FBI Disruptions Only Latest Flaw at Guantanamo 9/11 Hearings
This week at Guantanamo Bay, an FBI investigation into one or more defense teams has almost completely derailed the proceedings against the alleged mastermind of the 9/11 attacks and his co-conspirators. As I wrote about earlier this week, disruptions in Guantanamo commissions have become the norm, and U.S. federal courts (which handle terrorism cases regularly) are looking better and better by comparison. In the meantime, the public and victims watch as the case limps towards a still uncertain trial start date.
After it was revealed that the FBI visited a defense team's security officer and asked him to inform on one or more of the other defense teams, all the other scheduled court business on the docket was pushed aside. Defense attorneys say that without more details of what the FBI is looking for and who they're talking to, the attorneys cannot represent their clients without a conflict of interest. They have asked Judge Pohl to appoint independent counsel for the defendants and to order the FBI agents involved, the chief security officer, and a member of the prosecution team (who also works for the FBI) to testify in court about the investigation.
The prosecution has appointed an attorney specifically to handle any issues related to the FBI investigation. Judge Pohl has ordered independent counsel for two of the five defendants, and for all members of defense teams past and present to come clean on whether the FBI has approached them. When the commission reconvenes in June, we will see whether Judge Pohl decides to grant the defense's request for testimony.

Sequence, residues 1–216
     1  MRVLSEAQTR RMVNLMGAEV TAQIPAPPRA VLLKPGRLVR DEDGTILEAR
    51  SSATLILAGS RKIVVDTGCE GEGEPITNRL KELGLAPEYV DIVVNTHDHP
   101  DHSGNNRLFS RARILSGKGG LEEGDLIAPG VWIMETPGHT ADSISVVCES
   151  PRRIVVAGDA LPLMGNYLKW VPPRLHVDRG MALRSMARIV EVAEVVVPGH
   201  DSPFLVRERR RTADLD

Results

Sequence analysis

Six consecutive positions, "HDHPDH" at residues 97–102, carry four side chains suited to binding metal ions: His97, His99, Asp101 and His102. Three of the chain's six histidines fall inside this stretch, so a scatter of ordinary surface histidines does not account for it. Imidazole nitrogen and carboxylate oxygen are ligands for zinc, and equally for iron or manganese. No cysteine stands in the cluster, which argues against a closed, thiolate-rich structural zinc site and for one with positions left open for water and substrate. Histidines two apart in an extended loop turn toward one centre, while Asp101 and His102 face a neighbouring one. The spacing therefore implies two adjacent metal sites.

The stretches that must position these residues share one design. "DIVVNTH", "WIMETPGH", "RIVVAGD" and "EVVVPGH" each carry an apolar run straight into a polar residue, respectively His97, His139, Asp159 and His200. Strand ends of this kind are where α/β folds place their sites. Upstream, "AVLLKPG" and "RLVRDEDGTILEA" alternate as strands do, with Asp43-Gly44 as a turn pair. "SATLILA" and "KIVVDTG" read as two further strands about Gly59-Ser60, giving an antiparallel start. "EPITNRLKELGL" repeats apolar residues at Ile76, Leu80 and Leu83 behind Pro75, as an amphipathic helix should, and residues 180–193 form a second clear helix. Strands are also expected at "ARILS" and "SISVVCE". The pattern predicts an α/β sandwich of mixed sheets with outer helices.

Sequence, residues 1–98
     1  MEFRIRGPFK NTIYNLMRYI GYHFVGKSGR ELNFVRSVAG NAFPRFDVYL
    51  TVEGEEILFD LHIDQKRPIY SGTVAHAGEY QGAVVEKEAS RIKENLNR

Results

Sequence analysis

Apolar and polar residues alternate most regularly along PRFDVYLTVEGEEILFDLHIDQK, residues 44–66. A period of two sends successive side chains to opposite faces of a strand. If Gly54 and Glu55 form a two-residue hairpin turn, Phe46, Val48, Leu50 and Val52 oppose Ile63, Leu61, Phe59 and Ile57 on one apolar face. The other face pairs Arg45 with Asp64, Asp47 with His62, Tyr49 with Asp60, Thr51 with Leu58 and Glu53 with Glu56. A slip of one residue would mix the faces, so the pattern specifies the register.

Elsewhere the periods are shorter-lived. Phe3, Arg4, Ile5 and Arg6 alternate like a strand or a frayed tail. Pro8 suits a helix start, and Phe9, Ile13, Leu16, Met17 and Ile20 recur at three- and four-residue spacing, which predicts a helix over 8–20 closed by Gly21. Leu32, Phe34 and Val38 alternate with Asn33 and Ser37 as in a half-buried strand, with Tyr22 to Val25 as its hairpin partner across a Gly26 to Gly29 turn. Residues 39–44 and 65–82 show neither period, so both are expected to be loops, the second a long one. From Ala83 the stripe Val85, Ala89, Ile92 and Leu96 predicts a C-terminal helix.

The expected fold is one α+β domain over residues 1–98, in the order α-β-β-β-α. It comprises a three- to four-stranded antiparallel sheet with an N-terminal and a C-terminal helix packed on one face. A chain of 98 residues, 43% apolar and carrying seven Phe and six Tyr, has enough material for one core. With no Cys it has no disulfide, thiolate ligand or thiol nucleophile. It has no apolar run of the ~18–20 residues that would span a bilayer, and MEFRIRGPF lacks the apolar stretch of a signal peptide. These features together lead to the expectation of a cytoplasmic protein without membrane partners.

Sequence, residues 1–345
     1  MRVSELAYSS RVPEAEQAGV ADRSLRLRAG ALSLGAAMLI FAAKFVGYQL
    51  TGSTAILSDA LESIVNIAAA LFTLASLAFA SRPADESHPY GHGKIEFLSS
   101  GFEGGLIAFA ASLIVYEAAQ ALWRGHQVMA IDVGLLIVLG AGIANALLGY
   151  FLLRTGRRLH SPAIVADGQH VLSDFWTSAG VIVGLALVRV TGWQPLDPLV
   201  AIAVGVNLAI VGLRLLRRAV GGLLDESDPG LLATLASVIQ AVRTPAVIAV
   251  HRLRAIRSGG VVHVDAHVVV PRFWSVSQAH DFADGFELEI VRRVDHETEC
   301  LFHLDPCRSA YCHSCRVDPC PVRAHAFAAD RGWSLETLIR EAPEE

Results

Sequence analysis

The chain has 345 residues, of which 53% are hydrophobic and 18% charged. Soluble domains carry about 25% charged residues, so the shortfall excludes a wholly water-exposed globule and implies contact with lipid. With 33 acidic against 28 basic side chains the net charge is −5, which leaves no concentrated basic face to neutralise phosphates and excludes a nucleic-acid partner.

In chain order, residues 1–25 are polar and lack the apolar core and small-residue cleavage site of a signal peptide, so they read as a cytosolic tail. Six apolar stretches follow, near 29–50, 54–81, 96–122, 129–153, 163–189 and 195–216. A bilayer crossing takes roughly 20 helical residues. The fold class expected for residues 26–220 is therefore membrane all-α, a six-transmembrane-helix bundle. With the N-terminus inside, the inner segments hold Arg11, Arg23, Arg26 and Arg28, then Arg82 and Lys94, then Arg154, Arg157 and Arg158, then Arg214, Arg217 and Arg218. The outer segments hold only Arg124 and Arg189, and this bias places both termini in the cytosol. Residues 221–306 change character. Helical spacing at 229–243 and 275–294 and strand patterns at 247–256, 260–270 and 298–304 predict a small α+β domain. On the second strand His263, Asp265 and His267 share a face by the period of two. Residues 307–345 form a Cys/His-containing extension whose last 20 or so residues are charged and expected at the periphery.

Even without FBI-related interruptions, the commission's flaws still hamper the proceedings. The court continues to deal with issues as basic as what materials can be passed between defendants and their attorneys. Under the restrictive and unclear guidelines, for what materials defense attorneys can share with their clients, even the defendants' own writings, once given to their attorneys, cannot be passed back to the detainees. Judge Pohl clarified today that these materials can in fact be given back to the detainees.
All of this seems almost comical - the Keystone Kops-ish fumbling of the FBI, the uncertainty of even the most basic issues of representation - until you remember that the hearings are about real life crimes, with thousands of real life victims, whose family members watch these absurd developments in horror and chagrin.
Brigadier General Mark Martins, the chief prosecutor, now estimates that the 9/11 trial could start jury selection in January 2015. Defense attorneys are less optimistic. The various complications resulting from this FBI investigation will provide some delays, but the continuing and underlying systemic flaws and confusion in the military commissions will provide more. It's unclear if, even when the trial finally starts, the Guantanamo military commissions will result in anything resembling justice.